It's to great effect--in Dynamic Landscape, the work of Olga Chagaoutdinova, Scarlett Hooft Graafland, Viviane Sassen and Dayanita Singh carries the weight of the festival's theme, but also looks vivid, fresh, thoughtful and exciting. Though they're accomplished and talented, these aren't the big names I'm accustomed to seeing attached to the MoCCA show. This is exciting, since for many viewers, Dynamic Landscapes will be their first exposure to these artists' work. Particularly Singh, who lives and works in New Delhi, appears never to have shown her work in Canada before, despite an impressive CV of exhibitions worldwide. Hooft Graafland, based in the Netherlands, explained at the media preview that in addition to premiering her new project here, she was excited to finally visit urban, southern Canada, having carried out the work in Nunavut. All this to say, bravo to the CONTACT team for seeking out these artists, and bringing them to us.
The public installations sound exciting, and are beautifully reproduced in the magazine. However, the level of subtlety means some of the works nuance may be lost in the public setting. Particularly Battlefields 1848-1867 by Giorgio Barrera, (showing in the garden of the Italian Consulate) depicts the sites of 19th-century battlefields as they appear today in the Italian countryside. But in a public installation, the works are more likely to come across as pretty landscapes, rather than historically intriguing sites; a more in-depth reading is difficult when most viewers are likely to see the images alone.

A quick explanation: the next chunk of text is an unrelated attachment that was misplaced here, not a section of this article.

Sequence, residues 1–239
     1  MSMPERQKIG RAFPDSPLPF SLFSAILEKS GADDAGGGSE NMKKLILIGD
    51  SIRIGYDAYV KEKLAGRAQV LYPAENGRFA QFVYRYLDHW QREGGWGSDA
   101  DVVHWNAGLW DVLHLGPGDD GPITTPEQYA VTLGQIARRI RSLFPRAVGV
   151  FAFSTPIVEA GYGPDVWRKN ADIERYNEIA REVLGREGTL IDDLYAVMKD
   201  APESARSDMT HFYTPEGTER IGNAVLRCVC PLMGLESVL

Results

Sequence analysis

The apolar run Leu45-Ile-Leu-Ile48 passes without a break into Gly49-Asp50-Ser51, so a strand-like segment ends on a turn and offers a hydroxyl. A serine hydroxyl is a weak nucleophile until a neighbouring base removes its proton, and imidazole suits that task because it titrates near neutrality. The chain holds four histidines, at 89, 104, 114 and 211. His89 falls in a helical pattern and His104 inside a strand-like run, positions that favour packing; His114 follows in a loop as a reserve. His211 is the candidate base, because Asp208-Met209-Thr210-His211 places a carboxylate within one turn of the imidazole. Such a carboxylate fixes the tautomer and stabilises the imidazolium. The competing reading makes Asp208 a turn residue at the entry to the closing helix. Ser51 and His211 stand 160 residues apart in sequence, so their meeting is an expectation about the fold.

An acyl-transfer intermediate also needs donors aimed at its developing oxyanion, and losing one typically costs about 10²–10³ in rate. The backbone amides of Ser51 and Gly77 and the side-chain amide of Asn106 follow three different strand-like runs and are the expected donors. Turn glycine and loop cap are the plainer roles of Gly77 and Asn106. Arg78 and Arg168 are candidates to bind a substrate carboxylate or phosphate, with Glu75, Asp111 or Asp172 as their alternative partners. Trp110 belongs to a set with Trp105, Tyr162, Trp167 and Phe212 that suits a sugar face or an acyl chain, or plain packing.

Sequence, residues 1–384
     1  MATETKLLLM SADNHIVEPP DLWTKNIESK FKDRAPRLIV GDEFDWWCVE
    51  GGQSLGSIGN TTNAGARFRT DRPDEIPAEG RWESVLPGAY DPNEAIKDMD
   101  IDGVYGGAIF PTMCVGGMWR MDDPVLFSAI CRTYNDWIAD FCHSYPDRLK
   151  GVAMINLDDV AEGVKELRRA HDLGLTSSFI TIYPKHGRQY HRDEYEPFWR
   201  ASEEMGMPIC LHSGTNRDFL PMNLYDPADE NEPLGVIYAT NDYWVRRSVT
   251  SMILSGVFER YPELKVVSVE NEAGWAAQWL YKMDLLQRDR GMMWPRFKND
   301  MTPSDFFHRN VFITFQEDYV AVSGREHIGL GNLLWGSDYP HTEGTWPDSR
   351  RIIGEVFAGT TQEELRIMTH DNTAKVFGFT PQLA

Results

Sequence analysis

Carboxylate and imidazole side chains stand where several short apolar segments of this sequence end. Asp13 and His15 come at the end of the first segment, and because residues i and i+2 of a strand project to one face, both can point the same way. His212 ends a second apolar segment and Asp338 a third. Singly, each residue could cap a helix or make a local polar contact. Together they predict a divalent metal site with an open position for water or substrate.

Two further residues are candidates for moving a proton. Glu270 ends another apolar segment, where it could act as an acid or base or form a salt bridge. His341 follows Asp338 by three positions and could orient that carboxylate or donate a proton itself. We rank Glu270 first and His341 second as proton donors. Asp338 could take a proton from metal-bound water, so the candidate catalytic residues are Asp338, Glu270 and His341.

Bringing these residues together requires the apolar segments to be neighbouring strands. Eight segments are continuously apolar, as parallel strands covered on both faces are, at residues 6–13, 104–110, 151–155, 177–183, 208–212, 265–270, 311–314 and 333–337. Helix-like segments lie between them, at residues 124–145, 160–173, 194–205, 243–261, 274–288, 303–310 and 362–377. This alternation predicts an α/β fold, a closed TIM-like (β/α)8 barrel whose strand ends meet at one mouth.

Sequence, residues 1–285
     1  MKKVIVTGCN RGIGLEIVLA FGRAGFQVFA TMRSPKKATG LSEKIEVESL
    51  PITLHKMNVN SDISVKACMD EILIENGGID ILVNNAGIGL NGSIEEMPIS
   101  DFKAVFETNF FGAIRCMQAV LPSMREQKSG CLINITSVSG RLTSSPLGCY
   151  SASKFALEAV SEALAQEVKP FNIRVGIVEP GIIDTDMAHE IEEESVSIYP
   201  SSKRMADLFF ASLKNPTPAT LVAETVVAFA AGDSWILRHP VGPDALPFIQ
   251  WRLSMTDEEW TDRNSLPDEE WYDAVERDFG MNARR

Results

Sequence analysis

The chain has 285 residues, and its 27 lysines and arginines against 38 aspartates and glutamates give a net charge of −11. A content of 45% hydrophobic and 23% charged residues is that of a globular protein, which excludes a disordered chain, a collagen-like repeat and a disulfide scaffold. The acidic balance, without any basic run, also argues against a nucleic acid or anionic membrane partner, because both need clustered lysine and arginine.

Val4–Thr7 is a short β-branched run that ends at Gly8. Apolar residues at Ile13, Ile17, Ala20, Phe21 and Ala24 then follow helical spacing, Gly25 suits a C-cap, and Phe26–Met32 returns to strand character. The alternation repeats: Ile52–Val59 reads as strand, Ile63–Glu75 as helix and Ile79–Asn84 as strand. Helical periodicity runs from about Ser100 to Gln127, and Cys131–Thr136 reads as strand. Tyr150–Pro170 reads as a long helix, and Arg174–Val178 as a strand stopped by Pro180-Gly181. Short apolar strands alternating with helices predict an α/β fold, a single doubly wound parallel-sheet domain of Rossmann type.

Still, there's nothing like seeing environments, pastoral and otherwise, in another environment, as it were. 'over here over there' by Alain Paiement should be a particular visual treat: the Quebecois artist is known for his manipulated images that play with vertigo and perception, but CONTACT's version of these works have them installed on the floor of Brookfield Place, taking the perspective game one step further.
Lucas Blalock and Jessica Eaton: The Whole is Greater than the Sum of the Parts, CONTACT Gallery
Works by Lucas Blalock and by Jessica Eaton (who I've written about before) at the festival's own space push the boundaries of what really constitutes a photograph--a popular theme in the age of new media and multidisciplinary practice -- and also provides insight into the Gestalt interpretation of the theme "Figure and Ground."
Suzy Lake: Extended Breath, Paul Petro Contemporary
Suzy Lake, arguably a star of this year's festival since she's featured in a themed survey exhibition at UTAC, is showing two new bodies of work in a second outing at Paul Petro (Lake's dealer) along with the work of Sue Rynard. Lake's "Extended Breath" and Rynard's "Seed Bank" promise to form a natural pair, and the result should be a great counterpoint to Lake's larger exhibition.
Paradise: Larry Fink, Alain LeFort, Neubacher Shor Contemporary
This new space features two stylistically different bodies of work, united under the title "Paradise." Larry Fink's documentary-style images of Beat subculture in the sixties contrast sharply with Alain LeFort's digitally-constructed Eden-like landscapes, yet both embody the practices of searching and longing that are associated with paradise.